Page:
And now for the unpleasant content. Greco-Roman mythology and folklore, for the uninitiated, is really rapey. The Athenians were particularly misogynist, which extended into their same-sex relationships (much like in our culture). Xanadu updates this for 1980 in curious ways. The film begins with Sonny (Michael Beck), the frustrated artist. We can easily apply Laura Mulvey’s theory of the gaze to this character throughout the film, but particularly in the first act. He’s consistently ogled by women, invited on blind dates with a friend of a friend, and his first contact with Kira involves her skating up behind him, kissing him without consent, and disappearing. This is a charged sequence to consider in the #metoo era. If the genders were reversed, many of us would be quick to call it sexual harassment. Sonny doesn’t seem to mind, which absolves the behavior (on screen, that is).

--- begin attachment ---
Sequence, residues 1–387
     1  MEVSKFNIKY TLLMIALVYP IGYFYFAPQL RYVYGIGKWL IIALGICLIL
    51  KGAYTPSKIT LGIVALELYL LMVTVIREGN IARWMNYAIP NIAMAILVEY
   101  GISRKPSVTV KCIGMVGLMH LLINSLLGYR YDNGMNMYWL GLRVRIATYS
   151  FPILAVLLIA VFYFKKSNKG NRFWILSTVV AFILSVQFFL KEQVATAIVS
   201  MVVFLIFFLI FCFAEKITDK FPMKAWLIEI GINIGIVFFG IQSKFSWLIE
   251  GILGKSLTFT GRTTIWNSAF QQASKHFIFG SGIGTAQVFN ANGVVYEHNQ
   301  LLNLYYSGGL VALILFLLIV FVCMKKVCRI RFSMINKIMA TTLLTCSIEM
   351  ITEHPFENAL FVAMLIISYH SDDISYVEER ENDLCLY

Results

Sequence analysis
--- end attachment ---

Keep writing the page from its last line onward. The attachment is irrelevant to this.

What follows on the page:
But I digress: Sonny is the object. Soon, Kira becomes objectified as well, but for the first act, she’s more the subject, observer, and aggressor. On Thursday, we’ll talk more about who has agency and power—the human men? The demigoddess pulling their strings? The superior gods pulling hers?
We’ll discuss the screen time given to the femme/genderqueer, Black, male-bodied dancers, resplendent in makeup and giving Fosse vogue. We’ll talk about the tender chemistry between Michael Beck and Gene Kelly. We’ll also look at the interplay between toxic masculinity and capitalism, summed up by the line, “If I didn’t pay her, she doesn’t exist.”
Sound like something you’d like to discuss? Then join us.
Starring Olivia Newton John, Gene Kelly, Michael Beck
Subgenres: musical, dance, skating, mythology, romance
Directed by Robert Greenwald
Written by Richard Christian Danus and Marc Reid Rubel